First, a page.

“The team, generally, was playing attractive attacking football and we were scoring lots of goals in the process.  He was the manager who started the ‘we’ll score one more than you’ attitude at the club that we have built a reputation for.
However, the reason for this appeared to be his inability to coach the team to be solid defensively. We were leaking goals and against the better sides in the division we simply couldn’t compete.  A 5-1 defeat to Bournemouth on the second weekend of the season was a warning sign of things to come.  A 3-0 hammering by Brighton, a 4-1 reverse against Southampton and a 5-1 mauling at home to Charlton followed and all of a sudden the pressure was on for Johnson of whom we had expected much.”
Other than Tomlin, many of the other relatively expensive signings failed to impress.   Whereas at City Johnson had built his squad on a handful of existing players and five players who’d performed for him at Yeovil, he was starting afresh at London Road.  The magic dust he seemed to sprinkle on unknown names at Ashton Gate had seemingly dried up – perhaps a result of ignoring the character check outlined above. 
John continued:
“Critically Johnson struggled to get the best out of Grant McCann – brought in on massive wages – and a player who has thrived under Ferguson’s second reign.  His other big money midfielder, James Wesolowski, often found himself sitting on the bench.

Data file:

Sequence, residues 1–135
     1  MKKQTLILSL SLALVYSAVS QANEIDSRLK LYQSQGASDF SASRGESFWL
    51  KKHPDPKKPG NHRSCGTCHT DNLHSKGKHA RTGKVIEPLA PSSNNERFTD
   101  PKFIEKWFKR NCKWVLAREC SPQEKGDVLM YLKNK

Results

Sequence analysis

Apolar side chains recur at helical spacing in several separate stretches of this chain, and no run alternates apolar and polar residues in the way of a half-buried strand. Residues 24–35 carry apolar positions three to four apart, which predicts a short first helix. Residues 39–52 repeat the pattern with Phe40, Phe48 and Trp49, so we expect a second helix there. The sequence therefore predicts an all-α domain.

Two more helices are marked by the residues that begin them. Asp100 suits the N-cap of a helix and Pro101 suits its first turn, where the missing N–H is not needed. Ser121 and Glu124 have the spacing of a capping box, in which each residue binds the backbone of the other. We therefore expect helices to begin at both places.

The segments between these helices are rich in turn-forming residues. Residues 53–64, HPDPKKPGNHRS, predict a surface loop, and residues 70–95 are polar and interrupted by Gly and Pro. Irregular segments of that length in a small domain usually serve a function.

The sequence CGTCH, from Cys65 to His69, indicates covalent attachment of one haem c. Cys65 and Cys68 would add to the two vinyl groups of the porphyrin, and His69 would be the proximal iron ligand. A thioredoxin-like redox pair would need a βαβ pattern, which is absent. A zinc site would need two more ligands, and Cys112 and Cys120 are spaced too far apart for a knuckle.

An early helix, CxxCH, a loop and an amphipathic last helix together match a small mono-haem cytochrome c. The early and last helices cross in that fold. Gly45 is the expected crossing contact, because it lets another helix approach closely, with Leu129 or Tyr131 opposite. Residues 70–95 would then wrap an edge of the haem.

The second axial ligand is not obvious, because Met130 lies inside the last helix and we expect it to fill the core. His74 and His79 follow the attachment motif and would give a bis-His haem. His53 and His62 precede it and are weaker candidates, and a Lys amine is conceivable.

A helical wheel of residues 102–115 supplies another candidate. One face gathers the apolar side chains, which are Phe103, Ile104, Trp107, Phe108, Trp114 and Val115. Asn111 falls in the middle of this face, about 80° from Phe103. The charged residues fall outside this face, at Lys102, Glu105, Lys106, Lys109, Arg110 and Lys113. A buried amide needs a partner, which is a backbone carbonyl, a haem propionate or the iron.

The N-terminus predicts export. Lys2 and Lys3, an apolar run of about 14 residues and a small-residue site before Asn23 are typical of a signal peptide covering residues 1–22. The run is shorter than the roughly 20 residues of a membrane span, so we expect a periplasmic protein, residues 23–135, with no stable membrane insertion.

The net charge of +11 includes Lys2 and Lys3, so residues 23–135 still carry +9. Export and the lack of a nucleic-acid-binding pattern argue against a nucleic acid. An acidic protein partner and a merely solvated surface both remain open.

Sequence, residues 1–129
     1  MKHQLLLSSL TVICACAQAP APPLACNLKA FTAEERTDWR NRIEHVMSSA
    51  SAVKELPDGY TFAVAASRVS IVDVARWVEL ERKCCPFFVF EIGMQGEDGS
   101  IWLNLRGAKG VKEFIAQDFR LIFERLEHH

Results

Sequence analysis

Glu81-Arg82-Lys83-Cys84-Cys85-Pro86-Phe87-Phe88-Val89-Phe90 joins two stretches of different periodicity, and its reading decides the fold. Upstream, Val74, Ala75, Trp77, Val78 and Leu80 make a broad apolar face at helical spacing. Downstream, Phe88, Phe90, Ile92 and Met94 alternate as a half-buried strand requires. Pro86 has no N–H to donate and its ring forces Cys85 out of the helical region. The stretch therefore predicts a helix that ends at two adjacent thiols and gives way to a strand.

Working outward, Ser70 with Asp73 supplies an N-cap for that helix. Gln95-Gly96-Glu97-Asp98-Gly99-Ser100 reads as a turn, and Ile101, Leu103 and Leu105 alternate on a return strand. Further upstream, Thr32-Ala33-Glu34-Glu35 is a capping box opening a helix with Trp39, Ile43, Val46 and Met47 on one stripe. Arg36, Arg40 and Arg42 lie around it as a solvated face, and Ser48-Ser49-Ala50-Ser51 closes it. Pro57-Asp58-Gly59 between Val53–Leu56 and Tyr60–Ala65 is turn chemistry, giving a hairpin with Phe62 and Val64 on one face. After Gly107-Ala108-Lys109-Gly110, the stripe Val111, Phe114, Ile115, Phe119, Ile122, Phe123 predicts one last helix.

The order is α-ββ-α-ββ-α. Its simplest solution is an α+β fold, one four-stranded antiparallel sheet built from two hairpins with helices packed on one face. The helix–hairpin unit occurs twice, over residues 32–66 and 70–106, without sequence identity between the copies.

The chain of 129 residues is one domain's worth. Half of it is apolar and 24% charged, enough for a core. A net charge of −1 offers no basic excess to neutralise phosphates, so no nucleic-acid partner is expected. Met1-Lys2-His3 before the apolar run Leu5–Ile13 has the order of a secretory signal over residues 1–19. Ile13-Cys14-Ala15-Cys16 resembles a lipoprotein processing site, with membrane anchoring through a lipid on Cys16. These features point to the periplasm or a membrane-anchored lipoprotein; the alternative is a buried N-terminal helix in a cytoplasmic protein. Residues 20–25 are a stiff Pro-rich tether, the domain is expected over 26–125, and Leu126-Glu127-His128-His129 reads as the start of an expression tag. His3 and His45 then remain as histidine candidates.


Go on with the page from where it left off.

Worse still was the signings of players like Arron Davies, Seth Nana and Kelvin Langmead all of whom barely troubled the starting line-up throughout the season and now find themselves playing at League Two level.”
Peterborough had spent some time in the top two, and most of the season in the play-off positions but around Christmas they’d slipped a little further adrift.  An attractive F.A.Cup draw at Premier League Fulham was perhaps a chance for respite and to forget the dwindling league form.  Not so explains John:
“Chairman Darragh MacAnthony isn’t one for sympathising with managers and was typically ruthless.  Whilst most Posh fans went to Fulham just wanting to enjoy the day out, the Chairman, being characteristically ambitious, wanted to test our Premier League opposition.  But we got smashed 6-2 and it was the final straw.  Johnson was fired and Darren Ferguson was brought back.” 
 
To summarise John explained that
“there have been fewer occasions when expectations have been so high at Posh, but we really did expect promotion from League One when Johnson was in-charge and anything else would have been a failure.  It’s safe to say that had he been in-charge there is no way we would have made the play-offs and no way that we would be currently be playing Championship football.
 
“Johnson always remained positive at Posh, that much was clear to see.  He would celebrate Posh victories, which became increasingly rare as his tenure went on, with a dramatic pump of the fist towards the crowd